WASHINGTON (Reuters) - Agricultural laborers would be on a separate path to U.S. citizenship than other undocumented workers in the immigration reforms proposed by eight senators on Monday that cited the importance of feeding America.
Many of the 1.5 million farm workers employed in the United States annually - perhaps 500,000 to 900,000 in all - are believed to be in the country illegally.
Farmers, ranchers and nursery operators say the immigrant workforce is vital because it is difficult to recruit Americans for the low-paying, often back-breaking labor such as fruit picking, vegetable harvesting and daily care of livestock.
In a four-page outline, the senators say “agricultural workers who commit to the long-term stability of our nation’s agricultural industries will be treated differently than the rest of the undocumented population because of the role they play in ensuring that Americans have safe and secure agricultural products to sell and consume.”
“These individuals will earn a path to citizenship through a different process under our new agricultural worker program,” said the bipartisan group, which includes two of the top-ranking Democrats in the Senate and Arizona Republican John McCain.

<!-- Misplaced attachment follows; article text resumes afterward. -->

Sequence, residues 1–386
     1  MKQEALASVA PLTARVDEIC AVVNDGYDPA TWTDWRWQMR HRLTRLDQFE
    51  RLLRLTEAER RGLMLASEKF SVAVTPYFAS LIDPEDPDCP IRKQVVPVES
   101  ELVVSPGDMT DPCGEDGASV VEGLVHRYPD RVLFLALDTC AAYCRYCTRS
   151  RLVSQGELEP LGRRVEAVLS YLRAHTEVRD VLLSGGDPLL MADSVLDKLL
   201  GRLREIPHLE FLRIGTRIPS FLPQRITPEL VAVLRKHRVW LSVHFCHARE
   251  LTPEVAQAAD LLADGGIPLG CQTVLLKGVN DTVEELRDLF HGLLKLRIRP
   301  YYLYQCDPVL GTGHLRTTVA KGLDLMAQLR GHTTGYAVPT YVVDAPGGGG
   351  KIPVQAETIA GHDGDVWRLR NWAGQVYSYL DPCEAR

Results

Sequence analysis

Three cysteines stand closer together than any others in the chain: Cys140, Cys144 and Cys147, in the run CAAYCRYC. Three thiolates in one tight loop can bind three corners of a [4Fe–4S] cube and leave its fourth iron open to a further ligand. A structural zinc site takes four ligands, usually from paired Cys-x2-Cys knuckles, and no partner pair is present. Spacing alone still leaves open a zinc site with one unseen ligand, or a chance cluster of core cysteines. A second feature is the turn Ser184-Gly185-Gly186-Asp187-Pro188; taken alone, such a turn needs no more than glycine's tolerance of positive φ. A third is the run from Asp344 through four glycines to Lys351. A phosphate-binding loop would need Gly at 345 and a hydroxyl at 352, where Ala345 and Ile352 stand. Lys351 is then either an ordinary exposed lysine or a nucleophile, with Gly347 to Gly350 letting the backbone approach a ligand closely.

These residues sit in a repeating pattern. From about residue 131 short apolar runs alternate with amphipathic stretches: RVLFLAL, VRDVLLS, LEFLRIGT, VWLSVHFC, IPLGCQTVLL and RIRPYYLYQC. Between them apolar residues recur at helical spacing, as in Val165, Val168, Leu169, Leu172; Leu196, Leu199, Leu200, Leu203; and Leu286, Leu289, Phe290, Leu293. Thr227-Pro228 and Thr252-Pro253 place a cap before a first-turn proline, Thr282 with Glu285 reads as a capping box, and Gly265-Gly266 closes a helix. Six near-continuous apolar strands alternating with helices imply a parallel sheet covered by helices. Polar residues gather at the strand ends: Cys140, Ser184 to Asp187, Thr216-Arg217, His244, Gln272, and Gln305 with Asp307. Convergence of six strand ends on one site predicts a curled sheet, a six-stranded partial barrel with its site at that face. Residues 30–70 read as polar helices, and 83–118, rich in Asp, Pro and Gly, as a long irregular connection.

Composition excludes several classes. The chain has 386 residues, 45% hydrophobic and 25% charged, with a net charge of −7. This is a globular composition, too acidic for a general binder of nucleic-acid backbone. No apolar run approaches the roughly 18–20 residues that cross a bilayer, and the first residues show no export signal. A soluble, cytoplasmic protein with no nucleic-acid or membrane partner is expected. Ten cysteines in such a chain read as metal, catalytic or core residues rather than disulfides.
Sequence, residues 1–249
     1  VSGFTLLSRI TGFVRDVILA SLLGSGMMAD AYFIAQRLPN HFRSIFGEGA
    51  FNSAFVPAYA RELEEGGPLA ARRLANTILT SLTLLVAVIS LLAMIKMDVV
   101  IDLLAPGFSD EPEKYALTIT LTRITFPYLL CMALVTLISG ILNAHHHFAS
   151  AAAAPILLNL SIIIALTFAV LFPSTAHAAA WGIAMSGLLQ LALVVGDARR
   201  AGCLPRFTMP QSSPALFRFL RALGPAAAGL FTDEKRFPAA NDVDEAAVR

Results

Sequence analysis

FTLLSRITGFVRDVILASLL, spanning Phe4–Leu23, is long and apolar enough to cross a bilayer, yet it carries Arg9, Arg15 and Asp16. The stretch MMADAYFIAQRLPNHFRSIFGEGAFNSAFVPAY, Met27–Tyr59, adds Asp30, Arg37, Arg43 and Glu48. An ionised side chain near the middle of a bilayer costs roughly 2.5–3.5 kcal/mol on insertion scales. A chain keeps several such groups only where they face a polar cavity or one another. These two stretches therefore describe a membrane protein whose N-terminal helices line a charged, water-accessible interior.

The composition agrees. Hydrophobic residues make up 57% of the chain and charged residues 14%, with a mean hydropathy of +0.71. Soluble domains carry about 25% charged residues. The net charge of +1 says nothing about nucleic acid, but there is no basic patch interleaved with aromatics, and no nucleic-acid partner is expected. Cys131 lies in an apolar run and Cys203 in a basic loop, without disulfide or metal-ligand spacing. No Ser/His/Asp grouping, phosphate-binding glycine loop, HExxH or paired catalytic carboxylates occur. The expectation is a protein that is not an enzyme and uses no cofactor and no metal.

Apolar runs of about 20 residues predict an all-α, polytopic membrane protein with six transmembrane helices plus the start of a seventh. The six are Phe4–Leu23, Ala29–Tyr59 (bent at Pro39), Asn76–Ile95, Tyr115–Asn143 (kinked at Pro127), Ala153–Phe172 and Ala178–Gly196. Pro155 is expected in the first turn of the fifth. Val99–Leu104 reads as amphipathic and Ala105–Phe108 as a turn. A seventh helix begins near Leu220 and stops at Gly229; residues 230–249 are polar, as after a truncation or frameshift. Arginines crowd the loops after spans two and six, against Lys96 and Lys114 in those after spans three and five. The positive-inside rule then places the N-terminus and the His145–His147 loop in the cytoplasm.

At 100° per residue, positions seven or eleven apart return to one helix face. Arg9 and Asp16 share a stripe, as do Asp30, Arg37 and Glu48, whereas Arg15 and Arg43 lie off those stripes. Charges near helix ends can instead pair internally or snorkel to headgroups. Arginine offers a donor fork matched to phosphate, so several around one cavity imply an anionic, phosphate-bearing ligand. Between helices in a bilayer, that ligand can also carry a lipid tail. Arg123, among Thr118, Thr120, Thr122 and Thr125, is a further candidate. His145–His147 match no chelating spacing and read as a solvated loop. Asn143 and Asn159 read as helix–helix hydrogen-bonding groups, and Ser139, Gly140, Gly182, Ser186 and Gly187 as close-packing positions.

SENATORS “STEP IN THE RIGHT DIRECTION”
The phrasing was similar to a proposal from a dozen agricultural and nursery groups, working as the Agricultural Workforce Coalition, for a new farm labor program to replace the guest worker program now in place.
Coalition members regard Sens Dianne Feinstein, California Democrat, and Marco Rubio, Florida Republican, as key legislators in the drive.
“We view this as a step in the right direction,” said Kristi Boswell of the American Farm Bureau Federation, a coalition member. Ken Barbic of Western Growers Association, another coalition member, said his group was “largely encouraged” by the senators’ proposal and that it mentioned agriculture twice.
Craig Regelbrugge of the American Landscape and Nursery Association said “it is essential that experienced farm workers are incentivized to continue working in the sector.”
Besides the separate path for agriculture labor, the framework said reform would include “a workable program to meet the needs of America’s agricultural industry, including dairy, to find agricultural workers when American workers are not available.”
Under the farm coalition proposal, undocumented workers who agree to work in agricultural jobs for several more years would obtain permanent legal status and the right to work wherever they choose. The coalition would replace the H2-A guest worker program with a system of seasonal and full-year visas.
The bipartisan group said it aims to convert its guidelines into legislation by March and to send it to the House later this year.
“We believe this is the year Congress finally gets it done,” said Sen Charles Schumer, New York Democrat.
The last major attempt at U.S. immigration reform was in 2007. Estimates say there are 11 million illegal immigrants in the country.
Earlier this month the 6-million-member Farm Bureau, the largest U.S. farm group, urged a new immigration law. U.S. Agriculture Secretary Tom Vilsack has also urged the farm sector to speak up for comprehensive reform.
Reporting By Charles Abbott; editing by Ros Krasny and Bob Burgdorfer